Ohio Tax Commissioner Richard Levin recently took a cue from Star Wars icon Obi-Wan Kenobi, who famously used The Force to alter the thoughts of others, and launched a public relations campaign designed to dupe Ohioans into believing that “Ohio is not a high tax state.” Unfortunately, neither The Force, nor the facts, are with Levin.
THE TRICK: In an effort to put lipstick on the pig of Ted Strickland’s 2009 $850 million income tax hike on Ohio’s families and small businesses, Levin intentionally twisted data from the U.S. Census Bureau in order to claim, “Ohio is not a high tax state.” [News Release, Ohio Department of Taxation 3/31/2010]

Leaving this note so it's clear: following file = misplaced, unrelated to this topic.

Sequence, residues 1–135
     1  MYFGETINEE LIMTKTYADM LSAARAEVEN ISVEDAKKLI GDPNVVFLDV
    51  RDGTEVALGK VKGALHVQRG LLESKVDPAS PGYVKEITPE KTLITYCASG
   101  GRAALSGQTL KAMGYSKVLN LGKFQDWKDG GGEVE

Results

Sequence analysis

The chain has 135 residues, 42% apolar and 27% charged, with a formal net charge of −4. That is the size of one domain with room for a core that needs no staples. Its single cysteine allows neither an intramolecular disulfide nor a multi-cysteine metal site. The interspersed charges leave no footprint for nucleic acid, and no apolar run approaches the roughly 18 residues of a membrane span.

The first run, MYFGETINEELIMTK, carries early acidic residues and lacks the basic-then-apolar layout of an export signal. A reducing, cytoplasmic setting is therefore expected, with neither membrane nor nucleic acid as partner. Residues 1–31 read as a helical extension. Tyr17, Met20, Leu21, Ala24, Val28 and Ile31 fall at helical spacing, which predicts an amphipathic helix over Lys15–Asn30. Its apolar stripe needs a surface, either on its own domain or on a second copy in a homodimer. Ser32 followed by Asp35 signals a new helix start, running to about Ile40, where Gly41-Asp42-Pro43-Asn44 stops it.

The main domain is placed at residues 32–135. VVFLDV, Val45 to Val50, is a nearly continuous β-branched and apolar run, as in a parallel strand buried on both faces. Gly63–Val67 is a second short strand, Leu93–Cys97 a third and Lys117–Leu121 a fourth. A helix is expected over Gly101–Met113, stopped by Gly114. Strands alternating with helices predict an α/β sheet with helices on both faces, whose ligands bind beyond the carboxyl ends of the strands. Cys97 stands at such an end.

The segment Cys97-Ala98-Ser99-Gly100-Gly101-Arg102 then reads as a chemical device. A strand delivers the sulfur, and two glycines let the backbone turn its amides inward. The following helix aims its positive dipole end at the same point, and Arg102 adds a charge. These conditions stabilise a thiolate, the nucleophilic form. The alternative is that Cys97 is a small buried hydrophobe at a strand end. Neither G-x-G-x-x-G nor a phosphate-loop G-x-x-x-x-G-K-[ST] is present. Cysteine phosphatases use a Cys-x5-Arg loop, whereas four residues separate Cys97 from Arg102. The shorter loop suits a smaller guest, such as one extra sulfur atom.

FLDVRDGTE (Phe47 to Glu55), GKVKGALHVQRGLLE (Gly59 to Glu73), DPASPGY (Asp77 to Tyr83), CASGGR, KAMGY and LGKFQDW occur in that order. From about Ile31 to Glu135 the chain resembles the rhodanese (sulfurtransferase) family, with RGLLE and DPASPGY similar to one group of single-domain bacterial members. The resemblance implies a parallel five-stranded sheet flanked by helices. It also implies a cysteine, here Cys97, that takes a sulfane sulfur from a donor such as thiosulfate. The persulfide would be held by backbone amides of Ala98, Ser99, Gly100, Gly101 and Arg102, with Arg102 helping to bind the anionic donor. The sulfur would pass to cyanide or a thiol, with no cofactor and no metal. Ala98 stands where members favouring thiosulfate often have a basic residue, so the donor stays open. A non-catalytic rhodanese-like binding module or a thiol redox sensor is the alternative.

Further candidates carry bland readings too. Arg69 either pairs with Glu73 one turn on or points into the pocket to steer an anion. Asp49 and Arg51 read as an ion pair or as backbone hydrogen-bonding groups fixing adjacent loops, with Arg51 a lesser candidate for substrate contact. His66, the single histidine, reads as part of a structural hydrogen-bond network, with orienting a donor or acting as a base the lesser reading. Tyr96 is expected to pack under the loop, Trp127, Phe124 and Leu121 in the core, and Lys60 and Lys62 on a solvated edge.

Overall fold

THE TRUTH: Levin converts the Census Bureau’s data to “per capita” figures, despite the fact that right there in black-and-white on page 3 of the Census Bureau’s report it warns against doing that, saying: “Analysis using total tax or per capita tax as a measure of tax burden on the citizens of a particular state can be misleading and misinterpreted.” [Census Report, Page 3, Note to Data Users]
THE TRICK: Levin regularly ignores local taxes when calculating Ohio’s tax burden, as though taxes and levies demanded by counties, cities, school districts and townships don’t exist.
THE TRUTH: Local taxes account for almost HALF of all taxes paid by Ohioans. Ignoring them amounts to a deliberate attempt to mislead. Ohio’s total tax burden places it 7th highest in the nation in the amount of taxes paid as a percentage of income, and 18th in the nation on a per capita basis. [Source: Tax Foundation]